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Old 11-04-2014, 03:02 PM   #41
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for those that carry a mortgage in retirement, Dave Ramsey likes to ask people if they had a paid off mortgage, would you go out and borrow to invest or place your money where ever it is you now have it?
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Old 11-04-2014, 03:06 PM   #42
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I'd like to ask Dave Ramsey when he stopped beating his wife.
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Old 11-04-2014, 03:08 PM   #43
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really...was he a beater?
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Old 11-04-2014, 03:10 PM   #44
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Yes I would and have before borrowed to invest. Borrowed from HELOC to max out Roth and 401k and paid it off from higher incomes later. Also borrowed for real estate investments. Worked out well for me.


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Old 11-04-2014, 03:53 PM   #45
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for those that carry a mortgage in retirement, Dave Ramsey likes to ask people if they had a paid off mortgage, would you go out and borrow to invest or place your money where ever it is you now have it?
I'd ask Dave Ramsey to explain where he received his math training. If someone offered to lend Dave $100M at zero percent interest, would he take it and invest it Treasury bonds or turn it down because he didn't want to be a naughty, naughty debtor?

Or if he needed to borrow $1 at 2% interest in order to keep his AGI below the 400% FPV cliff limit for $10K in ACA tax credits, would it be better to keep from being in debt $1 even if it meant a net financial loss of $9,999.98?
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Old 11-04-2014, 04:07 PM   #46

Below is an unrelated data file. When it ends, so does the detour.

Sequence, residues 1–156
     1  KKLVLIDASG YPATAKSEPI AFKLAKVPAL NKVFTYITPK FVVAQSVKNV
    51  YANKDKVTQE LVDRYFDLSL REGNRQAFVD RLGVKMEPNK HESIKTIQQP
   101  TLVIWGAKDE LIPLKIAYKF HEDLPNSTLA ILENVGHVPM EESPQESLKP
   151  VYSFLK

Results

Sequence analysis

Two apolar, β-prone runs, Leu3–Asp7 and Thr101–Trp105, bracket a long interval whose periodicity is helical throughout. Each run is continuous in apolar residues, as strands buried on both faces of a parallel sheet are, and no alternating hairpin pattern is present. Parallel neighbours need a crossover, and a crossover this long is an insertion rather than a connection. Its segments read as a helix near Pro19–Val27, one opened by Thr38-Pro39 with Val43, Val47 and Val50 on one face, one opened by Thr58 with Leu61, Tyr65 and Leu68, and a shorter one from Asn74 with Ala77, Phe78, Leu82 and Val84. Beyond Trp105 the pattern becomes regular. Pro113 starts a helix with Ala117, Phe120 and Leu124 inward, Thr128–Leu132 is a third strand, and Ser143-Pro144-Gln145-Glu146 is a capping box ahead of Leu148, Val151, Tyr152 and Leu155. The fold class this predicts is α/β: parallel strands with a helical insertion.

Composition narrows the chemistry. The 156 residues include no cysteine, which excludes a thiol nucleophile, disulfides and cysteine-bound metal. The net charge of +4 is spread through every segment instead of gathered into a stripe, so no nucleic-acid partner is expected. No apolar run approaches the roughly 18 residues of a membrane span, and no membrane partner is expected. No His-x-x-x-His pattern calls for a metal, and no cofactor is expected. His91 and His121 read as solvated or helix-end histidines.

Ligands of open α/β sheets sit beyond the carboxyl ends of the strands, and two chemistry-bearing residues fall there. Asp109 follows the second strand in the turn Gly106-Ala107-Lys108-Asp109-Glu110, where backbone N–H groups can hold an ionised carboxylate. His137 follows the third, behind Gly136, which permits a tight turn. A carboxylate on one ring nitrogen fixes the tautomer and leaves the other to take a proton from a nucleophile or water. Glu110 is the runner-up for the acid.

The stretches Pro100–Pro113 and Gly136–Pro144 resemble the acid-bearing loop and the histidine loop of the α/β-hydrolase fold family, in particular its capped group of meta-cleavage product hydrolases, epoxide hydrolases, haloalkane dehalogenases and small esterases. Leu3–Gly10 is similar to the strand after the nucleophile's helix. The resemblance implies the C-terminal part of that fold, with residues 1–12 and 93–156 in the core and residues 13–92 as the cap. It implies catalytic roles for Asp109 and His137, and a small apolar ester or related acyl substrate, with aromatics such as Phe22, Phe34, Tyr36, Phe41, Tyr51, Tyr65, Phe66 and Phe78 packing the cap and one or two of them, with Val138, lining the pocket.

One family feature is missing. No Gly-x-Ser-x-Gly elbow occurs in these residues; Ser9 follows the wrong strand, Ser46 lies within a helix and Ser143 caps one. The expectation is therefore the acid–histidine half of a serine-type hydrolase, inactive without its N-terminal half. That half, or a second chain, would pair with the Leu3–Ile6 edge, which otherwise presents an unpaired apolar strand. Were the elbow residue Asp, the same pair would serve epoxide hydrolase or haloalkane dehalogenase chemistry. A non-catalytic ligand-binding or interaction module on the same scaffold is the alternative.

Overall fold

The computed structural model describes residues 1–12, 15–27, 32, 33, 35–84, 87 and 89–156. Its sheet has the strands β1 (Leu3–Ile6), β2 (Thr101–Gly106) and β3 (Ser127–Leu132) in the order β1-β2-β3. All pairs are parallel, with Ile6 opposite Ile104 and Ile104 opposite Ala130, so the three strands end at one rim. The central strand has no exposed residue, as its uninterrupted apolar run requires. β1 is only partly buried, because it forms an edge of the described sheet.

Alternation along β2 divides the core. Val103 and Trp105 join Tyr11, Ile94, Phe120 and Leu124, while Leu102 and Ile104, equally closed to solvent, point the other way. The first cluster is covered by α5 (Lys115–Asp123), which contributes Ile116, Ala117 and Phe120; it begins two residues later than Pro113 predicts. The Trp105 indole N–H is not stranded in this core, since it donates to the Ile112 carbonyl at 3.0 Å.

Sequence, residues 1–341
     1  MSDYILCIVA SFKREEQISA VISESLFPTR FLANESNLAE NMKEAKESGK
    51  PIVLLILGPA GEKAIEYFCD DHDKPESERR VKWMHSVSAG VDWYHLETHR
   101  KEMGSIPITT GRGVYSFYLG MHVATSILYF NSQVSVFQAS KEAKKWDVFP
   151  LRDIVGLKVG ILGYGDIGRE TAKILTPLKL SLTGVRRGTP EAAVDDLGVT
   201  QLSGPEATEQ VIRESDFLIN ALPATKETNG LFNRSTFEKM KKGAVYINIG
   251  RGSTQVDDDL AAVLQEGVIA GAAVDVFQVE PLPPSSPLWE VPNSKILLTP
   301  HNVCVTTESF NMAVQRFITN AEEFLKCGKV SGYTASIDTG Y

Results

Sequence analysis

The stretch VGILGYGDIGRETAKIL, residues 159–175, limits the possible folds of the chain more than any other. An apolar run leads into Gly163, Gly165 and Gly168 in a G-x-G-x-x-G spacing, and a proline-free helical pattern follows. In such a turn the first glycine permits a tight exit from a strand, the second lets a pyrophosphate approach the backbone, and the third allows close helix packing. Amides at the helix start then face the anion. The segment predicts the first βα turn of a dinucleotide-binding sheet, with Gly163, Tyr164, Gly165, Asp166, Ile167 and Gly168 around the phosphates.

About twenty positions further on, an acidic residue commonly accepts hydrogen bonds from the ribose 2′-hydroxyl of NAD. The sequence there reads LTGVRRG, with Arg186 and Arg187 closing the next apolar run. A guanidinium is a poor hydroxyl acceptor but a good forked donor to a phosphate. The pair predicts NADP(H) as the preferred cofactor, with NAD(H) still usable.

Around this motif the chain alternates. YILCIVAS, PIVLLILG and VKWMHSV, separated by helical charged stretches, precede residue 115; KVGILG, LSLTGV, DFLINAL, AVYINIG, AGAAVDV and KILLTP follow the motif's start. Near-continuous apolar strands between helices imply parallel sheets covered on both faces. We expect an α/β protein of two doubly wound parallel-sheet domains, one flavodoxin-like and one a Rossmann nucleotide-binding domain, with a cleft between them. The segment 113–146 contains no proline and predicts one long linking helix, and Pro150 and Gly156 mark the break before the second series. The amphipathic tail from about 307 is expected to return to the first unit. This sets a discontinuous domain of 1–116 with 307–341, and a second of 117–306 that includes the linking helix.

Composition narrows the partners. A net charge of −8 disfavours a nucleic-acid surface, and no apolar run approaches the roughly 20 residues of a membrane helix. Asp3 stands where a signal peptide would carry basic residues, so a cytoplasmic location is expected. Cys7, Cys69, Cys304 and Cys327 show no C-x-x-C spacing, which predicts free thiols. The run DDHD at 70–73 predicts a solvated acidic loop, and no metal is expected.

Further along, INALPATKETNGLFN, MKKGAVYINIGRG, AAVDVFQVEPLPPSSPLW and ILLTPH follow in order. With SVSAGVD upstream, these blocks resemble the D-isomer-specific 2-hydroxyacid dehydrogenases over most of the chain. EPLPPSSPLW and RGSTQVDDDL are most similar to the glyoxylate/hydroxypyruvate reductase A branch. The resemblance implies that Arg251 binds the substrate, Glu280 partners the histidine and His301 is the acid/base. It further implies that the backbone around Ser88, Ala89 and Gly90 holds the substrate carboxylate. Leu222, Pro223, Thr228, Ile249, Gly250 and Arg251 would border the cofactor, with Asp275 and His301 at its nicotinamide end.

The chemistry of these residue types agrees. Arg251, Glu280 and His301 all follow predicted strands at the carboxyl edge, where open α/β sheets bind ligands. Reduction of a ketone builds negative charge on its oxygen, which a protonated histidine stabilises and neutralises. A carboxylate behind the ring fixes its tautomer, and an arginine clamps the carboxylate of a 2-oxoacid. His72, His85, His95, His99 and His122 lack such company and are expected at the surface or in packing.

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I'd ask Dave Ramsey to explain where he received his math training. If someone offered to lend Dave $100M at zero percent interest, would he take it and invest it or turn it down because he didn't want to be a naughty, naughty debtor?
I think one has to bear in mind that Ramsey's (and Suzie Orman's) target audience are not the people on this forum. So for that reason I'll cut both some slack.

Like the others here we don't pay cc interest and haven't for decades. We use a mixture of cash, checks, and credit cards but the credit cards are of course paid off in full every month.
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Old 11-04-2014, 05:09 PM   #47
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This may be off topic, but a comment on interest, and rates. Not posted as an endorsement of the article, but one person's observations on the future.
Interest Rates Cannot Rise and Here’s Why… | First Rebuttal

Quote:
So you start to understand that interest rates are locked into a very low range forever or at least until total debt gets paid down, which none of us expect to ever happen. So with total debt greater than GDP and rising it’s SOL for future retirees and all other savers. Next stop will be negative interest rates which of course will need to be monetized. In chess they have a term called Zugzwang; a situation in which no matter what move you make you will be worse off than you are currently. I believe we may be in a Zugzwang now.
Zugzwang= new word for me
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Old 11-04-2014, 07:41 PM   #48
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As a side note, here is Dave Ramsey's house:

Dave Ramsey’s House: Living Like No One Else
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Old 11-04-2014, 07:56 PM   #49
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As a side note, here is Dave Ramsey's house:

Dave Ramsey’s House: Living Like No One Else
But it's paid for....(no mortgage)
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Old 11-04-2014, 07:59 PM   #50
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But it's paid for....(no mortgage)
It was paid for by his followers, presumably not wealthy people in debt, with all those products and endorsements one finds on his web site.
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Old 11-04-2014, 08:01 PM   #51
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It was paid for by his followers, presumably not wealthy people in debt, with all those products and endorsements on his web site.
Isn't that his job?
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Old 11-04-2014, 08:04 PM   #52
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Isn't that his job?
To extract money from poor people?